Involuntary Manslaughter


Involuntary Manslaughter, or criminally negligent homicide, is the unlawful killing of a human without malice aforethought, or by accident or “without criminal intent”. This unintentional killing could be the result of recklessness, criminal negligence or done in the commission of another, lower-level criminal act. The accidental killing of another motorist while driving under the influence of alcohol or drugs, also known as DUI, is one of the more common offenses to invoke an involuntary manslaughter charge. Sentencing guidelines vary however, defendants who are found guilty typically serve at least 12 months in prison.

Three elements must be satisfied in order for someone to be found guilty of involuntary manslaughter:

  • Someone was killed as a result of act by the defendant.

  • The act either was inherently dangerous to others or done with reckless disregard for human life.

  • The defendant knew or should have known his or her conduct was a threat to the lives of others.

André A. Rouviere will, as your defense attorney, attempt to cast doubt on at least one of these three elements to defend you from an involuntary manslaughter charge. The burden of proof falls on the prosecution to show that the defendant somehow caused another person’s death.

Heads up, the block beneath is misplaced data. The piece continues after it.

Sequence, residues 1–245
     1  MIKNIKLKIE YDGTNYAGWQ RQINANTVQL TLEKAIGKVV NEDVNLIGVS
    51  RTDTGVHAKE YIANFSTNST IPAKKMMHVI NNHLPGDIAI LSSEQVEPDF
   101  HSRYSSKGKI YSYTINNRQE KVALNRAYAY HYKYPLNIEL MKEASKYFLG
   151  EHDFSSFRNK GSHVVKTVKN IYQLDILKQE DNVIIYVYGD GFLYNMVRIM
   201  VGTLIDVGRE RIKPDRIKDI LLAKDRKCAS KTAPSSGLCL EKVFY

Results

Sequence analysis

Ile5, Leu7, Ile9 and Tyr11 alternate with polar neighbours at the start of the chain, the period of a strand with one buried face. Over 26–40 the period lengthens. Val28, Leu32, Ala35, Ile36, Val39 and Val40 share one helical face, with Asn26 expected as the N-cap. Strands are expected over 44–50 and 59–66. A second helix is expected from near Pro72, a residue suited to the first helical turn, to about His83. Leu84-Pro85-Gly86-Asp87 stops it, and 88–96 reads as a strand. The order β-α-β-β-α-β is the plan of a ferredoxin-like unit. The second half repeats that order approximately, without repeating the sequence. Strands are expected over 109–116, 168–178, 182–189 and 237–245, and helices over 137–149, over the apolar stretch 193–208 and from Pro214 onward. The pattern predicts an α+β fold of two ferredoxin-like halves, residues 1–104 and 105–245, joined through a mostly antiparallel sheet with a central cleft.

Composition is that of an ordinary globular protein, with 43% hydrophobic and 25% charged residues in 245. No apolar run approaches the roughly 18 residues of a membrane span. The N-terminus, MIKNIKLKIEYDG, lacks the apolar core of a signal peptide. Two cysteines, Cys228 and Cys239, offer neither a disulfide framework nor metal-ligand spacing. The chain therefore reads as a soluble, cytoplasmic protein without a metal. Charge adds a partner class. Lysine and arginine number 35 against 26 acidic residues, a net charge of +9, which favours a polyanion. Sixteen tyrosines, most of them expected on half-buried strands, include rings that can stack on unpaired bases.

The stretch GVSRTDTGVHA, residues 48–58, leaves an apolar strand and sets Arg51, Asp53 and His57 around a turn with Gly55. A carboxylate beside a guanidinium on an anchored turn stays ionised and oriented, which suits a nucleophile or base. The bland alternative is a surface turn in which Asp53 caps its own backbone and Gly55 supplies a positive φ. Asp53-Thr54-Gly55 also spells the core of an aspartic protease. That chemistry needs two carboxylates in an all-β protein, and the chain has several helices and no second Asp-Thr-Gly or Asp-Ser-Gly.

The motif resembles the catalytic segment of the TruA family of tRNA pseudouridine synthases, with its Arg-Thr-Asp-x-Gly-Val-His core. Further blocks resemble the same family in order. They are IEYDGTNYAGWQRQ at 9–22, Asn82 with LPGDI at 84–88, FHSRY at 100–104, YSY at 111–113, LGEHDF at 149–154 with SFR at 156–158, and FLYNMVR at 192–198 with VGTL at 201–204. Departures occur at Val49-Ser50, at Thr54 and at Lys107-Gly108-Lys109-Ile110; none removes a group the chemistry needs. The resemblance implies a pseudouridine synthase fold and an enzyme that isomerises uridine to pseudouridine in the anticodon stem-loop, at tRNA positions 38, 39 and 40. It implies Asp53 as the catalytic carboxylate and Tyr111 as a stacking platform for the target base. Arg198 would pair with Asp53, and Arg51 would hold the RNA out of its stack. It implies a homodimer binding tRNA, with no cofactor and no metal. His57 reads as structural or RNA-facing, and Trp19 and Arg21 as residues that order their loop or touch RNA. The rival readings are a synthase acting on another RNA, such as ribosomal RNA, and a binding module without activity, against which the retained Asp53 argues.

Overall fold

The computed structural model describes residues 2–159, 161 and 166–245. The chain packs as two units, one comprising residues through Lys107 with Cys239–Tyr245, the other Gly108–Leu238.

There are several defense strategies used to defend an involuntary manslaughter charge. The first being self-defense in which defendants must be able to prove they reasonably suspected they were protecting themselves or another person from imminent death or serious harm. Another legal defense could be that the killing was accidental. In the absence of negligence or recklessness, sometimes accidents happen. Then there is always the”I didn’t do it” defense….basic innocence. The prosecution has to prove that the defendant is indeed the one who committed the crime.

And just in case the state has insufficient evidence to charge you,  André A. Rouviere will challenge the state’s case through investigations, reexamination of the evidence, interviews with witnesses and expert witnesses and other legal tactics.

Involuntary manslaughter at both the federal and state level is treated as a felony and usually carries a jail or prison sentence of at least 12 months, which is a light sentence for a homicide, plus fines and probation.

The base sentence for involuntary manslaughter under federal sentencing guidelines is a 10 to 16 month prison sentence, which would increase if  committed through an act of recklessness. The minimum sentence for involuntary manslaughter committed with an automobile is higher still, although judges may use a certain amount of discretion.

The State of Florida gives give a range of possible sentences and allows judges discretion in determining what sentence to actually impose. In making their determination, judges look at aggravating and mitigating factors to decide how harsh of a sentence to hand down.

Contact Law Offices of André A. Rouviere immediately-

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